New stop signs create headaches in Osceola

Published: Dec. 4, 2019 at 7:07 PM EST
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In Osceola, new stop signs making an appearance along a rarely used set of tracks are causing headaches for drivers.

Some who live near the tracks say these new stop signs serve no purpose and are actually dangerous.

"I feel that this is a bit too much," said Charlene Mabie, who lives by the tracks near Ash Road and Liberty Drive.

The company who owns the tracks, Pioneer Railcorp, told 16 News Now that the decision to put the stop signs up comes from a collaboration with the Federal Railroad Administration and the county.

Pioneer says it’s the county who has the final say on the signs going up.

"They put a roundabout to speed traffic through here and they put a stop sign a block away, so I think it's kind of a ridiculous move,” Mabie said.

"I don't see the use in having a sign there, and when people are going to work and getting off from work, the lines back up from the light on 20 up to the turnaround, and it’s just going to back it up more,” said Steven Green, whose home abuts the tracks.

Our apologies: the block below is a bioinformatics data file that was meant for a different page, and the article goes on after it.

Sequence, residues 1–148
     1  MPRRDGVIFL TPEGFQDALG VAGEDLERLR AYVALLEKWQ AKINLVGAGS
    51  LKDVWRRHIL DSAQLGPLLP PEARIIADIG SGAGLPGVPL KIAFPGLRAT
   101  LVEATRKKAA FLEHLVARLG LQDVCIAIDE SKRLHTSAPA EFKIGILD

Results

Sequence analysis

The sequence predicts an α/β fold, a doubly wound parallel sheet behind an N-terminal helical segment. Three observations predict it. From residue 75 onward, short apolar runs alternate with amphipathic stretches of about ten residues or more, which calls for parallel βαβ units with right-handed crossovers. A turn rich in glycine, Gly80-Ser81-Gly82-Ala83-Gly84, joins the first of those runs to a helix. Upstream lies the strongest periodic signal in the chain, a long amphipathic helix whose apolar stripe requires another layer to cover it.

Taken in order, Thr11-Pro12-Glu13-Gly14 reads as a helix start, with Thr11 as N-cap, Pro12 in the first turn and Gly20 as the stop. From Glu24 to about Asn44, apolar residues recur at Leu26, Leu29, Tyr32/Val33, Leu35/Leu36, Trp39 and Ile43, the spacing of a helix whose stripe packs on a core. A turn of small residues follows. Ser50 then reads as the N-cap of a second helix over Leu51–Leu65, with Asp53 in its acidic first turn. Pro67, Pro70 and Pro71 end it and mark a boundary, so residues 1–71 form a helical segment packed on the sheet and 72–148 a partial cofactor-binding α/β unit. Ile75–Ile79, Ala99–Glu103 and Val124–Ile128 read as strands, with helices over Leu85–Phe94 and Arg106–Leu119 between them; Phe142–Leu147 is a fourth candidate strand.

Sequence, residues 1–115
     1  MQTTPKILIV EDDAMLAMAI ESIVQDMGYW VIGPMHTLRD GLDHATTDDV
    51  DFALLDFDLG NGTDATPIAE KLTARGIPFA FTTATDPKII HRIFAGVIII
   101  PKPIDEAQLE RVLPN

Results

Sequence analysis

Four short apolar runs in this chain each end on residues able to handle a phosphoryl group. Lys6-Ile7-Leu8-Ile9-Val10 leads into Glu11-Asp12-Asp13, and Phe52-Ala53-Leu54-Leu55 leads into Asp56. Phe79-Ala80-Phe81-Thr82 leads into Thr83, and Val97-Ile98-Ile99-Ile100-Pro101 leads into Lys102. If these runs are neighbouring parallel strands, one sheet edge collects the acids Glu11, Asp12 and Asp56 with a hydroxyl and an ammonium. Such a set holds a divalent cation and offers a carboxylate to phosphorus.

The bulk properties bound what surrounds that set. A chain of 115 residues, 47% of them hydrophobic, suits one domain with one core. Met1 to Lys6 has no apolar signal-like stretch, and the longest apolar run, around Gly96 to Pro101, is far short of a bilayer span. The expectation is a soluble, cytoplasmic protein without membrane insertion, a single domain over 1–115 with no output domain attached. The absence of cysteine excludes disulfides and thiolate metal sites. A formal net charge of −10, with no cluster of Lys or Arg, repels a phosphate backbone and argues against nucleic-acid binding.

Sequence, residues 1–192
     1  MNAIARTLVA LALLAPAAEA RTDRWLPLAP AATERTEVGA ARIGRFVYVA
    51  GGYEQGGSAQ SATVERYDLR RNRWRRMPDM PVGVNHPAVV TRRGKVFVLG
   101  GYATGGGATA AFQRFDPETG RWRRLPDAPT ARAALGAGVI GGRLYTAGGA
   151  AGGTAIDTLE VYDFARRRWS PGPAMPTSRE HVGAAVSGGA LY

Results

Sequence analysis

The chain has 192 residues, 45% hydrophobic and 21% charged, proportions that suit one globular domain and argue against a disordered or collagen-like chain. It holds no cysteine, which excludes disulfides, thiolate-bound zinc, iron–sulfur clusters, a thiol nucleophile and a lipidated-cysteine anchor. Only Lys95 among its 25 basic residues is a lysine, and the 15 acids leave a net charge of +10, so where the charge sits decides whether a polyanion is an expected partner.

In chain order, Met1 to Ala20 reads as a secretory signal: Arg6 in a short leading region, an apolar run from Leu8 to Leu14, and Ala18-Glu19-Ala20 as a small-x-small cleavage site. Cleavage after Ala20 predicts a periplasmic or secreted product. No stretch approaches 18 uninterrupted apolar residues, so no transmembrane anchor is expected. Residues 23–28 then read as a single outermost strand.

There are new stop signs on Apple Road as well, and neighbors say the signs went up within the past few days.

Many drivers not paying attention to the signs, blowing right through -- a phenomenon you can see in the video above.

"Nobody knows they're there, so everybody is trying to blow through them, and those that do stop are in danger of being rear-ended, and it’s holding up traffic quite a bit," Mabie said.

It all culminates in dangerous conditions for workers near the tracks.

"Countless cars keep coming by, they just fly through, not even paying no attention. I come pulling out of there to trim these trees here, I almost get hit by two or three different cars. They don't care about them, they don't see them, they might not even know they're there," Kyle Krajecki said.

Another new signs says "Caution Increased Railroad Traffic," which could be the reason for the stop signs.

Some people are wondering why a crossing gate wasn't put up instead of stop signs. Pioneer, which owns the Elkhart and Western Railway tracks, says it comes down to assessed need in terms of traffic in the area and, most importantly, cost. Those gates cost around $45,000.

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